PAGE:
For years, the Italians have built vehicles that have captured the eyes of children, the hearts of drivers and the sanity of many mechanics- Many of whom would make a late night phone call to a priest, with hopes that they could exorcise whatever evil spirits were preventing a seemingly functional car from starting. This was a common story with Italian cars for years and yet, despite the fact that unreliability was a hallmark of Italian engineers, they did do something amazingly right. They built cars that captured your soul and made you look past the fact that it left you stranded in the middle of an intersection. The love affair with the Italian automobile was like cheating on your significant other- It involved being crafty, the occasional bragging to your friends and ultimately costing you a lot of money. But is that still true?
About 18 years ago, the last US-Spec Alfa Romeo 164 rolled out of a showroom and marked the end of Alfas coming to America. The sad part was, that most American consumers could care less for the most part. To be honest, the average American consumer cared less about the way an Alfa "rewarded" it's drivers and cared more about owning a vehicle that would not run the risk of inciting drama whenever you turned the ignition key. Truth be told, Alfas of that generation weren't necessarily unreliable, but rather the ongoing maintenance required to keep them running strong outweighed the driving pleasure and unique style that was synonymous with the Italians.
Perhaps it wasn't the additional amount of blood, money and tears that went into Alfa ownership that detracted the American consumer? What if the 164 (whose underpinnings were shared with the Saab 9000) wasn't unique enough to make you care less about a little thing like reliability or a limited dealer network? What if Alfa didn't offer a clean-tailored sedan to the middle-class businessman, but rather stuck firm to their roots and offered a vehicle that you couldn't take your eyes off of and begged to be driven? Welcome to the new 4C and welcome Alfa back to America.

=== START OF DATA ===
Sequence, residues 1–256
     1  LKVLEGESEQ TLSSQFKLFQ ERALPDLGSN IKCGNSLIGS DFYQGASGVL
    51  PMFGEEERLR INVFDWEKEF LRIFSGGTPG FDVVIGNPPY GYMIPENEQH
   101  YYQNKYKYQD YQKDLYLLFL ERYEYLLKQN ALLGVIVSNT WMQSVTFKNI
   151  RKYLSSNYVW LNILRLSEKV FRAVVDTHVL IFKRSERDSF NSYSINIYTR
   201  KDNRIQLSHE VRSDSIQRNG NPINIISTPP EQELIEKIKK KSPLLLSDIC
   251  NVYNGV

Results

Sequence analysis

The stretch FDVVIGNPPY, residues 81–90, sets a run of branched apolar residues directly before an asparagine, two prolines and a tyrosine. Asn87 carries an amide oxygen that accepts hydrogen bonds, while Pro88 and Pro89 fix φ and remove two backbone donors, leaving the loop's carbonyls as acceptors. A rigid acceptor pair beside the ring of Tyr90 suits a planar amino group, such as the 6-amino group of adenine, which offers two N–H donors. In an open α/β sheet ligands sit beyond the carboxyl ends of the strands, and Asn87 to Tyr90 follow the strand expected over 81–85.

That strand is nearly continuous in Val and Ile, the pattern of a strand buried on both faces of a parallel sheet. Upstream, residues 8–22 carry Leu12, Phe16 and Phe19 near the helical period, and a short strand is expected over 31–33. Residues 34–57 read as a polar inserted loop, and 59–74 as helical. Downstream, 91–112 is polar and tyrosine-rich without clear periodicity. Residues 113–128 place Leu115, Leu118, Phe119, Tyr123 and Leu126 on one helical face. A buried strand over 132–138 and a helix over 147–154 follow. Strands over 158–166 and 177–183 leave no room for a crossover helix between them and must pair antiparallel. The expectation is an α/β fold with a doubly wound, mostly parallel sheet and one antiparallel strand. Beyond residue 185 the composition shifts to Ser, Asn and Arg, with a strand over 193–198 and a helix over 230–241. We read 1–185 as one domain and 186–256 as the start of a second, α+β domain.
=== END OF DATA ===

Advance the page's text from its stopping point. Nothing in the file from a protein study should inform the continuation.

Is is not too often that I anticipated a comeback this much. Don't get me wrong, I did enjoy watching Rocky Balboa regain respect six times over, but even the magic of the Italian Stallion is no match for the elegance and grace of this Italian Cinderella Story. While Alfa Romeo was spending time back in the "old country," it's parent company Fiat was going through some changes of it's own, swapping out executives as often as it's own county changed heads of parliament (Please Note: I am of pure Italian ancestry and get a pass on making Italian jokes). This shuffling of management paved the way for a charismatic, passionate, black sweater welding, visionary named Sergio Marchionne to take charge of a struggling Fiat in 2004 and bring the brand back to it's former glory.
Jump ahead to now and you might have noticed that America is now feasting on Fiat 500s, and 500Ls. One other thing you may or may not have noticed is the new Dodge Dart. Since Fiat acquired Chrysler in 2009, it was only a matter of time that Chrysler received the touch or Mr. Marchionne and the new Dodge Dart (and Jeep Cherokee) was a direct result. Both vehicles inherited their platform from the Alfa Romeo Giulietta and benefit from the same award-winning MultiAir engine technology shared by Fiat, Alfa Romeo and to be found in an upcoming Ferrari (which is also owned by Fiat).
So why am I thankful for Alfa Romeo? Why am I not thankful for Mr. Marchionne or for Fiat? It's simple really, to the car aficionado, the Alfa Romeo marque is tied to a legacy of automobile racing, innovation and building vehicles you can't help but have a love affair with. The new Alfa Romeo 4C truly embodies all of that, but also offers a level of obtainability (somewhat) that one may not get to have with a Ferrari or Lamborghini. When the Alfa Romeo brand comes back to America early next year, I can assure you that the 4C will undoubtedly become one of the most sought after vehicles on the road. Hopefully by this time next year I can be thankful that I could have driven one first-hand. Happy Thanksgiving!
What are YOU thankful for today? Share your thoughts in the comment section below!
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